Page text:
In the early years, India saw no celebration of queer lives. People saw no amendments to the Indian Constitution that may have made them feel accepted. The LGBTQ+ community had experiences that were vastly different as compared to today.
Well to challenge these norms, here comes Secrets of Seenagers, a documentary that commemorates the life of senior gay men in India.
Seenagers GupShup group
Ashok Row Kavi founded a support group for gay, bisexuals and asexual men in their 50’s. The group is called Seenagers GupShup Group (SGG). The group had a member count of 50 and has been fast-growing since he last formed it in July.
In the hopes of finding some volunteers to lend them a small hall, Ashok asks, “More men from Indore and Jaipur have ‘threatened’ to attend the meets, but where’s space?” The group initially started in the garage and terrace spaces. But with growing members, they needed a bigger hall.
After staying afloat for 18 months, the group has found a spot.
Ashok Row Kavi
Ashok Kavi is an LGBTQ+ activist and the founder of the group. The group is India’s first queer support group. It is one of a kind that ensures gay men pull up their socks and get rid of the attitude towards saving. “Nearly all gay men are like adolescents, who want to party 24/7, and don’t save up,” grumbles Kavi.
In an effort to make a difference, Kavi invites financial experts to help out senior gay members at Seenagers. The group holds sessions talking about all matters. These sessions are also uploaded online. The group preps its members for retirement and apart from this, they hold sessions on combating depression and loneliness.
Under society’s pressure, there are several members that have married women and called it quits after 4-5 years.
“Now, at the zenith of their careers, after their wives have moved on and parents are no more, these men find themselves alone.”
Kavi began Seenagers by picking a leaf out of his own experiences. He talks about how anxiety creeps in when there is no one to talk to.
Hence, he devised a solution to help other men tide over loneliness. He created a system that enlists young gay counters to help out in buying utilities and groceries.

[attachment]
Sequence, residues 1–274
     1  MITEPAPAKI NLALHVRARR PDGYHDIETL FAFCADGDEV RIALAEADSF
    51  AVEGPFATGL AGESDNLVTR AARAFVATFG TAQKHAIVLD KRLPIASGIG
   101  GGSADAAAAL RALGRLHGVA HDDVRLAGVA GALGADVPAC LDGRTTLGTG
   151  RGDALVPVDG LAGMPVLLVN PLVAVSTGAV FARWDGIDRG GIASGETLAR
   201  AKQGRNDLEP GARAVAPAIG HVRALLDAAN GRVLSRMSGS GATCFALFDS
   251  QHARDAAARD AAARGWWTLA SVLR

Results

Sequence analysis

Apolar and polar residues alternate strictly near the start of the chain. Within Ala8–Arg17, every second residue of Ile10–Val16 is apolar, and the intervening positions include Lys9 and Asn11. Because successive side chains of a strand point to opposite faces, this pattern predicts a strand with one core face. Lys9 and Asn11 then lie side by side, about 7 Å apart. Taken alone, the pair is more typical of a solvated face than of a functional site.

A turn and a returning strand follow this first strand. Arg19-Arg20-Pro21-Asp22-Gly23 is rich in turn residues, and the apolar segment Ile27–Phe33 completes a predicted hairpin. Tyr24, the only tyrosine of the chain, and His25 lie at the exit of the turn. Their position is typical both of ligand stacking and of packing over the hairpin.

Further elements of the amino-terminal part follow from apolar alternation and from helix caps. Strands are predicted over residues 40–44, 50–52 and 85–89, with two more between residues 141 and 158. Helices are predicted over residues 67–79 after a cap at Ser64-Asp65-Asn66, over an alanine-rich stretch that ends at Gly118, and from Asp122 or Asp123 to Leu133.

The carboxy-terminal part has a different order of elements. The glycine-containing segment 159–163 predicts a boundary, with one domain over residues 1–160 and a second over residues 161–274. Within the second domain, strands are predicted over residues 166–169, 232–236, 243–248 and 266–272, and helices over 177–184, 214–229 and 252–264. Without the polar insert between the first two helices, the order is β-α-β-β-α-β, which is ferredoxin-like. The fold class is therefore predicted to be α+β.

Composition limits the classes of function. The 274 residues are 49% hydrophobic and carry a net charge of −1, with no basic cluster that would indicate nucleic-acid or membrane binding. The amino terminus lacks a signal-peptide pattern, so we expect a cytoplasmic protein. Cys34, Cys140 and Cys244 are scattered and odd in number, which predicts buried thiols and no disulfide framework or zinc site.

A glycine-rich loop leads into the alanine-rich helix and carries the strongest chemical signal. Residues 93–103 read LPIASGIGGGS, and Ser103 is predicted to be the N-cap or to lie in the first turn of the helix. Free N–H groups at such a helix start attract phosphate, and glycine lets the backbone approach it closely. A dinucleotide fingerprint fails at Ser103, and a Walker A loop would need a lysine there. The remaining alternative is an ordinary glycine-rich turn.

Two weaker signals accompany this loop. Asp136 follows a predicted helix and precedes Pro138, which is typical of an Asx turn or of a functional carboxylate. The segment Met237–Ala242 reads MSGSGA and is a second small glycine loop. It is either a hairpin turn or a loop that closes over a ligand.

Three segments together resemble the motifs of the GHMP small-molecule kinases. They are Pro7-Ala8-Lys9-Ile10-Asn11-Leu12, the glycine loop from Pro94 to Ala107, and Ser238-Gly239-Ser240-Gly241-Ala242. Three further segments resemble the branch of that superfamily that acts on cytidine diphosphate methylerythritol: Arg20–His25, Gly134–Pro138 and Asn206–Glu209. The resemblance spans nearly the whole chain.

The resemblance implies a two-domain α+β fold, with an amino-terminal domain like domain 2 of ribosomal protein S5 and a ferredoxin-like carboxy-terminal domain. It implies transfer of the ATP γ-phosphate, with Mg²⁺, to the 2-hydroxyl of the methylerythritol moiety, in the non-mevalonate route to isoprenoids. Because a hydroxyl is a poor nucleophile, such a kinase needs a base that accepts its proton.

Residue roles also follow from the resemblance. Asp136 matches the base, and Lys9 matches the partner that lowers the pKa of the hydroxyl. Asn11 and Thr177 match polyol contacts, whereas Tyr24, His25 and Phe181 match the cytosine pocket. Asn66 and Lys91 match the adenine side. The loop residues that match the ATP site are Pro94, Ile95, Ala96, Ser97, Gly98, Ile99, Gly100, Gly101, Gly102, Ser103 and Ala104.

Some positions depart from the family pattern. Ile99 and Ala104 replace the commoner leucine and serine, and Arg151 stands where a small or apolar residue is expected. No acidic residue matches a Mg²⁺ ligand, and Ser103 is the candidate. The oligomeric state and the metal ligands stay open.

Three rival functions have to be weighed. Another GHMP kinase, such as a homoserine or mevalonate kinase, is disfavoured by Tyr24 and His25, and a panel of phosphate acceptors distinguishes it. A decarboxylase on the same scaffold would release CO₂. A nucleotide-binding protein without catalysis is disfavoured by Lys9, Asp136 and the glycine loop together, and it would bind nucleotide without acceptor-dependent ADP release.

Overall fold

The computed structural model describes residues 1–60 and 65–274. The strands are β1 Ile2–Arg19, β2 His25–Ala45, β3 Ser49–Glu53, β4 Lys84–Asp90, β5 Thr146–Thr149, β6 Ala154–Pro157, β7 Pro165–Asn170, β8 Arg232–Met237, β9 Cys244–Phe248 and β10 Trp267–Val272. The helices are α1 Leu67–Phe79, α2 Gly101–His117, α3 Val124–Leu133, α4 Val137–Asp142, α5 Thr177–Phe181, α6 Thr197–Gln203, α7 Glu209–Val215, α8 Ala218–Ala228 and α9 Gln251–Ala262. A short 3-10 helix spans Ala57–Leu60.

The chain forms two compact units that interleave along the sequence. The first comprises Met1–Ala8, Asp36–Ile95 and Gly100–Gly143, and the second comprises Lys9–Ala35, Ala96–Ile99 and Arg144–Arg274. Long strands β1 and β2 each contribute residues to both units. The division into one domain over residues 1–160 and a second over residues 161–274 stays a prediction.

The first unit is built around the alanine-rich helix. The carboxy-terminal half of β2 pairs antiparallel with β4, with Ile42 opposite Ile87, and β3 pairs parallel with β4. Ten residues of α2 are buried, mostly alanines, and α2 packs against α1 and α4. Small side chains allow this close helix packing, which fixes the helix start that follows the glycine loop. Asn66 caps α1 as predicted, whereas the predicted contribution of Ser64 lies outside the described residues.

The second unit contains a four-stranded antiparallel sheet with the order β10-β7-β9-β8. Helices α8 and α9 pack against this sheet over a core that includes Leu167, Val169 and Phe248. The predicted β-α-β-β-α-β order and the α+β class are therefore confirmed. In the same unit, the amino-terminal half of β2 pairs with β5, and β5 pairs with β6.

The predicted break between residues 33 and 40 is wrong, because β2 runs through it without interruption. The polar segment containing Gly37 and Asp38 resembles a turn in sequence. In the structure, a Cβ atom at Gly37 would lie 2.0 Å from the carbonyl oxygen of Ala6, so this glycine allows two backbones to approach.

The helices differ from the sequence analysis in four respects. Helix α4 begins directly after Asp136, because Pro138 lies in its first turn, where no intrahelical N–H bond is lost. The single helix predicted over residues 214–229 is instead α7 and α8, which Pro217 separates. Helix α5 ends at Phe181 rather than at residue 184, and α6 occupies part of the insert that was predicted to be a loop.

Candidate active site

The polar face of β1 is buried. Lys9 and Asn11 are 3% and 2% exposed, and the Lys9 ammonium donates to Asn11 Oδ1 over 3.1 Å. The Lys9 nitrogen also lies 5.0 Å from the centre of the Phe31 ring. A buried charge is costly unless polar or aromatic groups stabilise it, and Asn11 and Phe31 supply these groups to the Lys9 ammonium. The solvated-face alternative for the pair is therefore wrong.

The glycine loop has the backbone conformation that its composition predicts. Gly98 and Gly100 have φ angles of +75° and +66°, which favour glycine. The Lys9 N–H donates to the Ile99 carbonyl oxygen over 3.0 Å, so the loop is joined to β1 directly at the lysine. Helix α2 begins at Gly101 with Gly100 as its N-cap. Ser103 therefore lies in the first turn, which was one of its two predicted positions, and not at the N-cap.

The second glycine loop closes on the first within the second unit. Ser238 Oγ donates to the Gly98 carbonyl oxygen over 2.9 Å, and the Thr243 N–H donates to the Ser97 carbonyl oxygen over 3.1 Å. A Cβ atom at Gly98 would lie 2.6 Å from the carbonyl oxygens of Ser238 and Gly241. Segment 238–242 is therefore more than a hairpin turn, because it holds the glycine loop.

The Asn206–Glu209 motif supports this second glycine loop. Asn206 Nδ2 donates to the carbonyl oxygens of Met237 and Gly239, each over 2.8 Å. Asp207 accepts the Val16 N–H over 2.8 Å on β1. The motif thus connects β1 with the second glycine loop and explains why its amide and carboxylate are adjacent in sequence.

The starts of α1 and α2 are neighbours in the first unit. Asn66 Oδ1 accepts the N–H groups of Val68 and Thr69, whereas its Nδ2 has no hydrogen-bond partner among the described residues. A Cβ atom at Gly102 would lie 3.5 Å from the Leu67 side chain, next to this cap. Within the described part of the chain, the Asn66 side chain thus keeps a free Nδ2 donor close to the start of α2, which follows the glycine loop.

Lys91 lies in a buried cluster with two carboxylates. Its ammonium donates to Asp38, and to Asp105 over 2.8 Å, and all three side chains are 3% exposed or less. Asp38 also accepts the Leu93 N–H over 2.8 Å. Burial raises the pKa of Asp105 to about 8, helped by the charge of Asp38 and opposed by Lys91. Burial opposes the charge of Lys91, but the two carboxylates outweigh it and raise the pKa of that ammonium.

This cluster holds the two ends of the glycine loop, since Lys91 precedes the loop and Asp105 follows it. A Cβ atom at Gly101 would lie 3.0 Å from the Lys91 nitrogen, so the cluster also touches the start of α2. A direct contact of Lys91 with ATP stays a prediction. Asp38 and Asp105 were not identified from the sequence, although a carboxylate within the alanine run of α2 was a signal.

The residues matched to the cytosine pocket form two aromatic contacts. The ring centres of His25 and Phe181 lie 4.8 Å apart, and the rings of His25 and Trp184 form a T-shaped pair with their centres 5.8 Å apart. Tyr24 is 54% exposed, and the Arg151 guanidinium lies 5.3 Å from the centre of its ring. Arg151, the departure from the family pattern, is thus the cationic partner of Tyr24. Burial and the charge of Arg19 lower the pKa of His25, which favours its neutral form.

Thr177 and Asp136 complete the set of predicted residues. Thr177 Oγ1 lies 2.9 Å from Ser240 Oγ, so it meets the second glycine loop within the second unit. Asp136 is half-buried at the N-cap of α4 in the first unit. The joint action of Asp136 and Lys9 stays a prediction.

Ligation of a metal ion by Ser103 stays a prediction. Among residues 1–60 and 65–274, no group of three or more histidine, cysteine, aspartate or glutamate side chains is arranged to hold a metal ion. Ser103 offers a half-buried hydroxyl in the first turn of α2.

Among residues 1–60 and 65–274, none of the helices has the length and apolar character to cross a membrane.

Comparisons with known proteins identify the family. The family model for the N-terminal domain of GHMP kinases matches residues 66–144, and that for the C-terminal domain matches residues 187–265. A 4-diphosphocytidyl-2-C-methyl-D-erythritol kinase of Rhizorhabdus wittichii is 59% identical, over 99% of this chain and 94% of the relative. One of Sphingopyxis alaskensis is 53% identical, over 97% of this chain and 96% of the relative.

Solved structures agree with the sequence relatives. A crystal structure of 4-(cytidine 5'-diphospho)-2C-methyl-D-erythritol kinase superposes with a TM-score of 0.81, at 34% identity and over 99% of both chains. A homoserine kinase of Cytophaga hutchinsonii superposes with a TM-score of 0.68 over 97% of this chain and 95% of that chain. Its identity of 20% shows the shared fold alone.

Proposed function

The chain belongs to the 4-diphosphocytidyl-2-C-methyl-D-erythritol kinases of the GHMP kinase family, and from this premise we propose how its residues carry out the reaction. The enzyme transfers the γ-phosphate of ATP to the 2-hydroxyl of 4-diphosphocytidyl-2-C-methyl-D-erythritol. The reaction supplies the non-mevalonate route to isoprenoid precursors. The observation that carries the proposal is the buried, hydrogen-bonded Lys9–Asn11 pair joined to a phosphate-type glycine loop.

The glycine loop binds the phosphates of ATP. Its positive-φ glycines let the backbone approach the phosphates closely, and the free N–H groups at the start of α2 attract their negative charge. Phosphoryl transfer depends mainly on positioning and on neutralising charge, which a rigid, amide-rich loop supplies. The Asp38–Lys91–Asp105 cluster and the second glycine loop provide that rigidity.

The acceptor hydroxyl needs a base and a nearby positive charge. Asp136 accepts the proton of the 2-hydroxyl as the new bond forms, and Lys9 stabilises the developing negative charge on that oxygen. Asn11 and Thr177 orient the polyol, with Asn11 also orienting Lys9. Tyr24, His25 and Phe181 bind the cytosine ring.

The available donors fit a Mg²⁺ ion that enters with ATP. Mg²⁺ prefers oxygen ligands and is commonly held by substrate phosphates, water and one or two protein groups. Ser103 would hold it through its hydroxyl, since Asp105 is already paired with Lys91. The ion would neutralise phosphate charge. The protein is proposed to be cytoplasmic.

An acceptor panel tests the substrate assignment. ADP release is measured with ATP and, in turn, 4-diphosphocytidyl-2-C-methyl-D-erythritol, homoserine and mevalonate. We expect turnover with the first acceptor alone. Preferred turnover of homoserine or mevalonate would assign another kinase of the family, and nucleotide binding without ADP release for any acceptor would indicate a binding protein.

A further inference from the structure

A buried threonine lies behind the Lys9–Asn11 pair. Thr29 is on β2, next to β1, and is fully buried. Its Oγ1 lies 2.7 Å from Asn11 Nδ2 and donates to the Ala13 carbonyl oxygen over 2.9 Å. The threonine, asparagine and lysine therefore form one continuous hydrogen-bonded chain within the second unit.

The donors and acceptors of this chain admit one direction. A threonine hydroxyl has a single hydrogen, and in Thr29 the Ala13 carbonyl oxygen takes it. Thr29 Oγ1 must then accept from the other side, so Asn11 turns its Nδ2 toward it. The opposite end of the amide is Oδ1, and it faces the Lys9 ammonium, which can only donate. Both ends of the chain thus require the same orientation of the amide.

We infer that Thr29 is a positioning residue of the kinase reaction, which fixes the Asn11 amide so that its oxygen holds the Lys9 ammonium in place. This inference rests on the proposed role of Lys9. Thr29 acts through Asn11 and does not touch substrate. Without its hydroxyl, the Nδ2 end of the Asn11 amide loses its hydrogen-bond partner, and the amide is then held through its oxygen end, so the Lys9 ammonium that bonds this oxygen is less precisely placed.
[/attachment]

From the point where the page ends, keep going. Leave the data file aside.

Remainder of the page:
Secrets of Seenagers
Secrets of Seenegers is a 44-min long documentary that commemorates the lives of gay, bisexual and asexual men. Abhigyan Mukherjee directed the film and it was showcased on the occasion of Republic Day.
The documentary asks questions to members of the group. The questions ranged from having fun to dating in the 70s and other teenager related topics. Prasad stresses the motive of the film by saying, “The current lot of older gay men are almost invisible. Nobody wants to talk about them. We want to bring them into the limelight.”
The youngest volunteer in the group is Kuldeep Das who is 37 years old. He is also the curator of the film and says he had to run away from his own wedding. He says, “11.12.13. The date is imprinted in my mind. Everyone was so caught up on having a grand affair that they weren’t listening to me and I had no other choice.” He also says that he has his own fear of growing old as a gay man, but now has overcome them.
“Younger people today fear growing old. People in their 20s talk about dying in their 40s. But aging is wonderful,” Prasad adds.
Age is just a number
The film showed seenagers talking about what it was like to find a partner in the 90s. And for most, walking the streets of Mumbai and looking for love was the only option.
Anand Vasudevan was part of Seenagers group for two years. He is 54 years of age and recalls the most memorable party in the early 90s. He explains, “It was a party for gay people on New Year’s eve in a Mumbai college, and it was fascinating to see so many men present.” However, he also adds that he has no preference between online dating and meeting people organically.
Saleem Kidwait wrote a book called Same-Sex Love in India. The book has been in print for over 20 years now and it is documented proof of LGBTQ+ relations from over 2,000 years of Indian literature. He believes when it comes to online dating, gay rights activists face homophobia that he has never seen before.
This all boy’s club had some interesting experiences to share in the documentary. they are looking to make more such films to share on-screen. Prasad says that they are starting to understand older women as opposed to only older men.
Abhigyan adds, “We could’ve gauged the questions to ask gay men but the questions would’ve been different when it comes to women.”